As a physical therapist, I have focused my professional attention on preventing older adults from falling through education, resources and exercises. As a son, grandson and son-in-law, I have added to my focus, preventing senior scams. I am personally involved in helping seniors, especially those who are new to the internet and trusting in the community, to know what a scam looks like.
With our nation’s growing older population, fraudulent schemes are becoming more popular and in demand. Con artists are everywhere and our seniors are a vulnerable prey to their deceptions. Sadly, many seniors are afraid to report a fraud or scam because they are usually too ashamed. If their family believes they no longer have the mental capacity to take care of themselves, then maybe an alternative dependent lifestyle is necessary.
Today’s high tech community is leaving everyone vulnerable to the latest con artist technique and strategy to take our money. Personally, I can’t even keep up with all the newest technological gadgets and their related deceptive schemes—so how can we expect our seniors, who have little context or digital life experience, to know what to do?
It is important to be prepared and prevent the next scam, because unfortunately the con artist is just waiting to lure-in our unsuspecting seniors. Today’s scammers are proficient in enticing our seniors with telemarketing, fake prescriptions and internet fraud schemes. Using a quick tongue, being knowledgeable of the subject and having an action plan is the mantra of the con.
For example, a phone call claiming to be a granddaughter is a sure way to push some emotional buttons for a quick money fix. Telling the grandparent that she is in trouble and would you please wire some money to pay for an accident or get out of jail has been repetitively used. All the personal information from the real granddaughter was found posted on her Facebook page. The granddaughter’s Facebook privacy settings weren’t high enough and allowed posted personal account information and facts about her family, friends and addresses to be viewed by anyone.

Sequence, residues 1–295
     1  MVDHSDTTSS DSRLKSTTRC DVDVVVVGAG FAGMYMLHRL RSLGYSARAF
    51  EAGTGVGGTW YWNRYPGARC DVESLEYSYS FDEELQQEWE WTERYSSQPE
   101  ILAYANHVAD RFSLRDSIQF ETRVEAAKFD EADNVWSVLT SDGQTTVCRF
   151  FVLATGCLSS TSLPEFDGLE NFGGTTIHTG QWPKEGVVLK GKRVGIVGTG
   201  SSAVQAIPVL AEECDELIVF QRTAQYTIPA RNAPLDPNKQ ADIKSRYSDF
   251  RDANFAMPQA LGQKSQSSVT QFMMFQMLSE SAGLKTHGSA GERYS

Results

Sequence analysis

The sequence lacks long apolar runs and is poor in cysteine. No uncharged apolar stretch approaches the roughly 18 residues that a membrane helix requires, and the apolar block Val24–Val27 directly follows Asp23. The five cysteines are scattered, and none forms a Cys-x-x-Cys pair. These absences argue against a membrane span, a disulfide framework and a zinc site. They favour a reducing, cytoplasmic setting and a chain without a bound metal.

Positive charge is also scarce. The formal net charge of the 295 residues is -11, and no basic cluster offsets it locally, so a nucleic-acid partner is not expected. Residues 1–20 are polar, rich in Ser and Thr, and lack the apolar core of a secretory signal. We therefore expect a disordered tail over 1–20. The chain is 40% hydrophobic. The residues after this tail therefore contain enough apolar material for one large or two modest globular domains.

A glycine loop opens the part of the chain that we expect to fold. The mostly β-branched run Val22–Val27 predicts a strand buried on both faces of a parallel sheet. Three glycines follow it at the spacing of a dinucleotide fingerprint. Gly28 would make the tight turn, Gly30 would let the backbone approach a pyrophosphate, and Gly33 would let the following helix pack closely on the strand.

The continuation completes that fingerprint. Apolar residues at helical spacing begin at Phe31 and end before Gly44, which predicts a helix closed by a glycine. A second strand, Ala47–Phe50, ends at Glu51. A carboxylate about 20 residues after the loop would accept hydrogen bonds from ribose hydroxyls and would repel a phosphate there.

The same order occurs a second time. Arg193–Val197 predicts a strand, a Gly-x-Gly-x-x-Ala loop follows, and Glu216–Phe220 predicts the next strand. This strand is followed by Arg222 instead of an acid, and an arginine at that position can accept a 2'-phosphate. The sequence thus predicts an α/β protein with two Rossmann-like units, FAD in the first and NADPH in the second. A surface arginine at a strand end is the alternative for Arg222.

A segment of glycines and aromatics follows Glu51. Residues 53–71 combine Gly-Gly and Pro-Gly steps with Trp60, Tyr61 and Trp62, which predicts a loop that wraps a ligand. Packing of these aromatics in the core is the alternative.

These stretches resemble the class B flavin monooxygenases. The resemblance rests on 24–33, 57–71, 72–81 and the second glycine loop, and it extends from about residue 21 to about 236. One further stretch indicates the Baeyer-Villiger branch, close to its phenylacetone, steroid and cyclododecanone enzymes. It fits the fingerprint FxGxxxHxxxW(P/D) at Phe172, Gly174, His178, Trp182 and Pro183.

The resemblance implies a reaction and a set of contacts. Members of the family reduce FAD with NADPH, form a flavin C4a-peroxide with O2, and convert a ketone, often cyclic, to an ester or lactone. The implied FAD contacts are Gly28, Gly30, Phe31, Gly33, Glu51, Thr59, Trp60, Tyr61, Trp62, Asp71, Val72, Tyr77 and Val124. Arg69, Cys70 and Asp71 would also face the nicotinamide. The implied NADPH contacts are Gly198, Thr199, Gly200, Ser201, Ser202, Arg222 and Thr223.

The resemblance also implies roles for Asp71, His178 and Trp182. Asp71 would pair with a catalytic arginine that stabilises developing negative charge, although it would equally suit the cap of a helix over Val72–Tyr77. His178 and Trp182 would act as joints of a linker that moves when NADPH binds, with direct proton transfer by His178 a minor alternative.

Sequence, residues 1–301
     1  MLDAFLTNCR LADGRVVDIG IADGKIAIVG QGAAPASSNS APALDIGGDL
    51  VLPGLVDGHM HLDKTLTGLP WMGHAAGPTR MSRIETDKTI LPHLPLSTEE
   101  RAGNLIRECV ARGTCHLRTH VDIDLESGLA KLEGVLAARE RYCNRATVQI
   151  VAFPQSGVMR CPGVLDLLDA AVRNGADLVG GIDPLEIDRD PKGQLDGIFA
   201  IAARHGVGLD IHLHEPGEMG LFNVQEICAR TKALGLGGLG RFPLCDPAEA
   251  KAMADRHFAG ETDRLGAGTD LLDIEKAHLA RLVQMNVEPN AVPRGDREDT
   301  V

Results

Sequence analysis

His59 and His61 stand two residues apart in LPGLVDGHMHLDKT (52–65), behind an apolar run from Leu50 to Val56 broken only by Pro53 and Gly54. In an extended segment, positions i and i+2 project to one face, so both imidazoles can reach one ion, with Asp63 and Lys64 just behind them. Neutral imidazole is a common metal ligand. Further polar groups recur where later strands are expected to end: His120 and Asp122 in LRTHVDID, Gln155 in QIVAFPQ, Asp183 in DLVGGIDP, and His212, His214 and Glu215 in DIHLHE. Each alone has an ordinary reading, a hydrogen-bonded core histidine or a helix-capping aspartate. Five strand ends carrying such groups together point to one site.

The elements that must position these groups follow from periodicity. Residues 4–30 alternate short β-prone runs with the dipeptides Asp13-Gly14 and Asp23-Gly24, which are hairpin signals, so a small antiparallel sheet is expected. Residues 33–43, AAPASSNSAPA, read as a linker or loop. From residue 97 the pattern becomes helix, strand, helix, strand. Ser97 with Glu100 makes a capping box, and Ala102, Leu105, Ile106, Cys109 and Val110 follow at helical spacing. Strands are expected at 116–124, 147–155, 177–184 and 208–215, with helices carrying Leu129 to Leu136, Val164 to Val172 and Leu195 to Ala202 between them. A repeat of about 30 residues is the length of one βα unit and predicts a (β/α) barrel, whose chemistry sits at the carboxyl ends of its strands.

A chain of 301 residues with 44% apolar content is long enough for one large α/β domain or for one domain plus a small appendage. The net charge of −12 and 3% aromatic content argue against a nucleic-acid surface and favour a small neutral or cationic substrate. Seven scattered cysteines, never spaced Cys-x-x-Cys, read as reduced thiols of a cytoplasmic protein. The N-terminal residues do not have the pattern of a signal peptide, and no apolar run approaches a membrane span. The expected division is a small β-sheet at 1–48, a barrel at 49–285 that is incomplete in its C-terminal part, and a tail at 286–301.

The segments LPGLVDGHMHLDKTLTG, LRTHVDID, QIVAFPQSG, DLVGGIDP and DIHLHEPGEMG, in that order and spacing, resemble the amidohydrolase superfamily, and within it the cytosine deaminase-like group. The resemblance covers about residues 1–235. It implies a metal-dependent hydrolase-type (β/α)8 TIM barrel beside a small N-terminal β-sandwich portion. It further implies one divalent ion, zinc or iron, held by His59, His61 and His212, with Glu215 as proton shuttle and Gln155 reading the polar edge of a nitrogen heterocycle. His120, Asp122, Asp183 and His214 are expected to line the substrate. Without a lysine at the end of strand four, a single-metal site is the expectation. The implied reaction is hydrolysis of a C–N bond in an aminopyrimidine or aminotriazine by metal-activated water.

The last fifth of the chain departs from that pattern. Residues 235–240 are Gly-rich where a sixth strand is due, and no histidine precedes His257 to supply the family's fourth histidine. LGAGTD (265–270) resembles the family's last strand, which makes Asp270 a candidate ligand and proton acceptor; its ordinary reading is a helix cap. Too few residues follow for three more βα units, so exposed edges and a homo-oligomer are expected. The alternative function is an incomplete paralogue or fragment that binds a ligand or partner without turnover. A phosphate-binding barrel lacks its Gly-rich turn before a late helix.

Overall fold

One solution, for parents is to download the new app FamilyControls, which was designed to configure privacy settings for kids. These features can prevent children from posting status updates and photos, prevent sharing websites and from sending or accepting friend requests. FamilyControls is the first-ever shared experience for Parents and their children to safely determine how much of the Facebook universe their kids will see. And this same app can be used to keep our seniors safe as well. By turning off the ability to click links, and filter out potentials scams, the same app that keeps kids safe online might just be another step in keeping seniors safe online too.
With healthcare costs rising, many seniors may turn to the internet to buy discount prescription drugs. Be wary of these scams. An older adult may unexpectedly pay for ineffective pills or even worse unsafe medication that may be harmful. First, discuss with your senior family member the pro’s and con’s of any online prescription medicine purchase. Make sure the site is secure, safe and a legitimate pharmaceutical company. Scam artists have been known to duplicate a site, siphon off the orders and then use the credit card info to make illegal purchases. Always use a non-critical real credit card (not a debit card) when making online purchases. That way, the risk is limited and insured.
Another risky situation, many seniors are not internet savvy and may find themselves downloading unnecessary software. When searching the web, they may come across a pop-up window stating—- you need a new virus software, download here. By downloading this software, a virus may have been released having the capacity to steal personal information. Or, there may be an e-mail, telling you that you need to update your personal information for a bank or the IRS. Never, release personal information without checking out the source first or asking a family member.
How do we help seniors and protect them from scammers:
- Never give money to solicitors over the phone or in the mail.
- Never give out personal information, to someone who contacts you.
- Shred all documents with credit card numbers, social security numbers or personal information.
- Never give out personal information from an email to a bank or organization without checking it out first.
- Family members should offer to help seniors — open the mail and answer emails, when money or personal information is required.
I believe everyone has a personal responsibility to take care of themselves and also to help others. This is especially true when it comes to our older adults. Seniors need direction and advice with their health, finances and personal issues that must come from a trusted family member or friend. Play the devils advocate and say, “Today, this is happening in our world with con artists and scammers, so beware”. Seniors deserve and need our assistance on the internet, to handle daily finances and limit personal information exposure to prevent a fraudulent scam. TIME, INFORMATION and COMMITMENT is the best deterrent to a shameful and embarrassing scam —-to anyone.